How well do you know yourself? If forced to either face your inner demons--escaping with a secured, inner peace or the possibility of complete emotional ruin -- how would you fare? The demons? They dwell in all of us. They watch us from our shadows. They ride us--oh, yes, they do--whispering in our ears, tempting us with our own darkness. In the end, many succumb. And you? The Beautiful Evil takes readers through the tumultuous consequences of one woman's journey into a dark, personal hell in the pursuit of passion, hope and serenity. Scarred by the death of her father at a young age, Constance is a heartbroken child with no place to turn for emotional support. Any discussion regarding her father's mysterious final days and his scandalous death are forbidden by her cold and distant mother, Madeline. Instead, Madeline dedicates herself to the mission of turning her daughter into a proper debutante. Madeline chooses Constance's friends, activities and clothing according to her rigid, high society standards. Devoid of self-expression, Constance's only true friend is her reflection in a bedroom mirror. Her adult life, however, proves to be just as passionless and controlled. Constance believes her life will stay this way forever, until a purchase of an antique vase changes everything. When Constance opens the vase, demons storm into her life. Like bloodthirsty parasites, they dig into her, quickly attaching themselves to her psyche; quietly sucking away her soul. But one of the demons, Tisiphone, befriends Constance--offering her a way out of her shut-down heart and emotionally bereft life. Desperate to feel anything, Constance's decisions catapult her into the shadowy world of untrustworthy men, illegal drugs and murder. In the mists of the wreckage, Constance finds herself staring into the abyss, forced to make one, final heart-rending decision if she is to find peace. A captivating thriller that will keep readers questioning reality until the final ultimate act, The Beautiful Evil is a surreal and tense journey into the darkest recesses of the human psyche.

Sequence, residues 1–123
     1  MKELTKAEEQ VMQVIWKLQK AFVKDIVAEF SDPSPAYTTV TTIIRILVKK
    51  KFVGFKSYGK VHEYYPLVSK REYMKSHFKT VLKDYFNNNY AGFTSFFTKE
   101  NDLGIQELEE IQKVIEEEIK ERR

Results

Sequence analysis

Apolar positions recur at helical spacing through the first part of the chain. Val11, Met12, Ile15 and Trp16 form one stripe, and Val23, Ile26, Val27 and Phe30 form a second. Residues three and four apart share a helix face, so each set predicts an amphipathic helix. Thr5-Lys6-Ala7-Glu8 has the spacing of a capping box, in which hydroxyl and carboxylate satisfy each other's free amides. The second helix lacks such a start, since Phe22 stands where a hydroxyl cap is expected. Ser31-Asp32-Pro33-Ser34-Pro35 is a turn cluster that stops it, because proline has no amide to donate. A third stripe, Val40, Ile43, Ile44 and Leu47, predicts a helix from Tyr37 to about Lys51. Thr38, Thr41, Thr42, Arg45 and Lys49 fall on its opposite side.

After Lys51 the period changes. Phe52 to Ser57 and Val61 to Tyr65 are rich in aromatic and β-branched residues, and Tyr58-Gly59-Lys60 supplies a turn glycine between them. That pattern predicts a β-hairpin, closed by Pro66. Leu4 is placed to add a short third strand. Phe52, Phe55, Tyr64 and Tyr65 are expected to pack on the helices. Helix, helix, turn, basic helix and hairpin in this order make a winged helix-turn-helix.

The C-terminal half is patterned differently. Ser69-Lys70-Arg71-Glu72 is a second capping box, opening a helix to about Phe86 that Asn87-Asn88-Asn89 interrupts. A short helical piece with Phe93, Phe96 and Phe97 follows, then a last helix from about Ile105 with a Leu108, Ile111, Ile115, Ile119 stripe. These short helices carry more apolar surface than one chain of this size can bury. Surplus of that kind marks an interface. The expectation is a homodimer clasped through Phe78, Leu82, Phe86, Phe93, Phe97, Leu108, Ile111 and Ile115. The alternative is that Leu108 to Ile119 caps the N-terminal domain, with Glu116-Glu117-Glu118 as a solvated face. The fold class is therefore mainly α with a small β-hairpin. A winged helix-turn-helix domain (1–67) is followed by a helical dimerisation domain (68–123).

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Customer Reviews

A well written, well paced, psychological thriller.
Minerva T. Balaguer
I reluctantly read the first few pages then I was hooked until the end!
Jeane Slone
Had it not ended the way it did I would've given it a 1 star rating.
joan allen

Most Helpful Customer Reviews

35 of 37 people found the following review helpful By John Moser on August 9, 2011
Format: Paperback Verified Purchase
First off, Robbi Sommers Bryant is a master storyteller. This was the first fiction book I have read in over 12 years--I loved it.

With brevity I want to make some key points for readers contemplating buying this book:

1. Easy to read, but not light on anecdote, symbolism, and intrigue--sucks you in like the vortex of a tornado.

2. Vivid word pictures! Robbi paints a mosaic of images from the prose that captivate the imagination.

3. It's a "stealth" thriller. No heavy blood and gore, but more of what happens in our minds. Those silent thoughts we think nobody will ever know about.

4. Pacing is superb, she keeps the story moving with just enough "back story" to make you go, "Uh Huh...get it". I read it in three sittings.

5. Character development is well done, bravo there! I am a man and could see the world through the central character, Constance (a woman).

6. Unlikely twists and turns, it's not predictable!

7. Last comment, invoking spiritual component on every page.

In short, I'm a reader and writer of Non-Fiction business books and I loved "The Beautiful Evil" and you will too!

John
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16 of 17 people found the following review helpful By Moe Jones on August 5, 2011
Format: Paperback
I thoroughly enjoyed this novel. Robbi S Bryant weaves classical myth into a modern woman's life, creating a story that is both elegant and haunting. Basically you're given a window to a lady's voyage into madness. At times disturbing, always entertaining, I would recommend this book to anyone in search of a great read. (without giving too much away, I will never look at a Greek urn the same way ever again)
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11 of 11 people found the following review helpful By Jeane Slone on August 25, 2011
Format: Paperback